Anthropomorphism

I’ve mentioned this before but I thought for today’s post I’d expand on my tendency towards anthropomorphism.  I ascribe feelings, hopes and dreams to everything.

I feel sad for the ants that I sweep off my kitchen floor.  There they were trotting along, looking for food for their colony and then all a sudden this tornado blows through (and it’s not like they were engaging in high risk activities like living in a trailer) and they don’t know which way is up.  And then when I dump them from the dust pan into the garbage they’re suddenly thrust into a pungent (I have two kids in diapers) dark world and let’s face it, they’re not gonna find their way home.

And when I kill spiders.  I’ve watched a lot of discovery channel in my time, I know that spiders don’t live in family groups.  But when I smash a spider I can’t help but picture his loving spider wife at home with their spider children wondering why her spider husband never comes home.

But this disease does not stop at sentient beings.  I wonder sometimes if the Nike walking shoes I wear at work aren’t sad that they see so little walking, and none of it outdoors, and so much standing.  (Not to mention the blood guts and gore that get dripped on my ever faithful shoes that I occasionally try to clean off but let’s face it, that blood’s never coming out of the stitching.)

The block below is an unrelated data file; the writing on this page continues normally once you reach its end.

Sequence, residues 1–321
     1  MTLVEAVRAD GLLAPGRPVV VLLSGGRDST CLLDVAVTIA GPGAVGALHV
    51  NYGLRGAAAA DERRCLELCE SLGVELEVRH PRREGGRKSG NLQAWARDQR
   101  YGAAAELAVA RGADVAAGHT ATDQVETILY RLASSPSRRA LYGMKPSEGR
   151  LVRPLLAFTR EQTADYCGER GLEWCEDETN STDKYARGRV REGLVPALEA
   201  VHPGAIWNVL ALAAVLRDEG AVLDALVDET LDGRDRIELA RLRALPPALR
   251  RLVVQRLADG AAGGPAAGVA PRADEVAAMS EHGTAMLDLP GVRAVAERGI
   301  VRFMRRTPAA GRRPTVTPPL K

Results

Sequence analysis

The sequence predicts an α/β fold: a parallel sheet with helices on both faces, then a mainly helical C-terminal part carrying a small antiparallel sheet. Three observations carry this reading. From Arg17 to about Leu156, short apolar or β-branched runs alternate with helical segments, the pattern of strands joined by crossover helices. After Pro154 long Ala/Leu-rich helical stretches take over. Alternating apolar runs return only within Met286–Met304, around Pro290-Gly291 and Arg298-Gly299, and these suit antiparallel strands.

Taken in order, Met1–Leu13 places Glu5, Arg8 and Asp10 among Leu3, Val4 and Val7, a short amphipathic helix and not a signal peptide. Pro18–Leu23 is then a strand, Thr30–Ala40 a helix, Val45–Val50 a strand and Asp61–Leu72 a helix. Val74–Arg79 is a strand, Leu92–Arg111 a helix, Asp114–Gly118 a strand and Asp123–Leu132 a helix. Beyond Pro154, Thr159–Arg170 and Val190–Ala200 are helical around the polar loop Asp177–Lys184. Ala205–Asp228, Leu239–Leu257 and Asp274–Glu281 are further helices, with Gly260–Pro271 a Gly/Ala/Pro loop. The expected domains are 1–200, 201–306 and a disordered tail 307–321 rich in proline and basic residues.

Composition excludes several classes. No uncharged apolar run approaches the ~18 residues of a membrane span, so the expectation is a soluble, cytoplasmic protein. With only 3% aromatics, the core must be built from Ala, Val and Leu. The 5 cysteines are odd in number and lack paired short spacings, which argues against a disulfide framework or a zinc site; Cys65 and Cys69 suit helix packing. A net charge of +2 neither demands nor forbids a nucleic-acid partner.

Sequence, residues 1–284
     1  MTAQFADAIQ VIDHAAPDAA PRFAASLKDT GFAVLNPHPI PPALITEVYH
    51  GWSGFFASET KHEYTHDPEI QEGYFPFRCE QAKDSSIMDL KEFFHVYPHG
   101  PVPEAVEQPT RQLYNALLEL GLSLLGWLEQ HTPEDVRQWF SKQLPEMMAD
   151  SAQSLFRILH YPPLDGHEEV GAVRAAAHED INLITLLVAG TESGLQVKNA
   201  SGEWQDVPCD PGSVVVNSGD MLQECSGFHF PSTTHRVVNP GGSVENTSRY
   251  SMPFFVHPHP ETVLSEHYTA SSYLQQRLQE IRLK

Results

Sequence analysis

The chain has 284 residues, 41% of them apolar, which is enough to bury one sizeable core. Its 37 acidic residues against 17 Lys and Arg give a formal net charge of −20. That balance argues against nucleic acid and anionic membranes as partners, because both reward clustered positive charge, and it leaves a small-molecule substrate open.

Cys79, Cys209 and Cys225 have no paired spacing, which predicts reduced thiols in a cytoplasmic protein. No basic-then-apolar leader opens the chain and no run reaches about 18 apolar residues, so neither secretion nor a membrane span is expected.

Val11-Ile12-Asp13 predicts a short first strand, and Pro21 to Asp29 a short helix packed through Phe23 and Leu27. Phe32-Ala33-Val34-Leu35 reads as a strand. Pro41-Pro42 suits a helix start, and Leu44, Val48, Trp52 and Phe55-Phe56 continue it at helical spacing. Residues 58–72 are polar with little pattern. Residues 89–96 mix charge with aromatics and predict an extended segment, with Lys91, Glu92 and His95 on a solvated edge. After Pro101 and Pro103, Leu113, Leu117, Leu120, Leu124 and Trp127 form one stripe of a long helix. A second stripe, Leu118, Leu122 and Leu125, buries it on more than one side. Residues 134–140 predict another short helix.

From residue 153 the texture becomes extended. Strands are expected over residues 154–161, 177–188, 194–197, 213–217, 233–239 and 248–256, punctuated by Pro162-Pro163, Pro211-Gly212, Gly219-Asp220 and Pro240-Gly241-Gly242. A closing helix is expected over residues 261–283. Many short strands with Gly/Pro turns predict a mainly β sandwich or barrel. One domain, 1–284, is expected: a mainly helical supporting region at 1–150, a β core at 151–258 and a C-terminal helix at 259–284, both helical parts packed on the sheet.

Is my car jealous when I park it in the lot and take the train to work?

I think that the dinner leftovers must be sad when they go into the fridge.  And when they come back out moldy and inedible and I heartlessly throw them away… Wow, I am a cold, cold woman.

Do my favorite jeans exult at their status?  Do they notice that I wear them so much more often than I do the others?

And then there are the Cheerios.

When I grab a handful of Cheerios and drop it into a baggie to take to church I believe that this must be really exciting for the mild mannered Os.  Here our poor O sits a, breakfast cereal, and not the tastiest cereal at that.  I imagine sitting on the self at the grocery store stuck between the Cookie Crisp and the Lucky Charms gave him a serious inferiority complex.  Even the Life Cereal above him was tastier.  But eventually he was purchased and brought home and put away.  And there he sat.  Occasionally the woman would grab the bag and pour a bowl but the kids reached right on past, they were looking for the Honey Bunches of Oats.

But here it is, this Cheerio’s big day, he’s put in a baggie which is then tossed into the diaper bag, he’s going places, he’s on his way to see the world.  And then, he’s going to fulfill his destiny.  He will be eaten!  By a child!  Oh wonder of wonder, miracle of miracles the day he’s been waiting for has finally arrived!  All his wholesome goodness will not be wasted!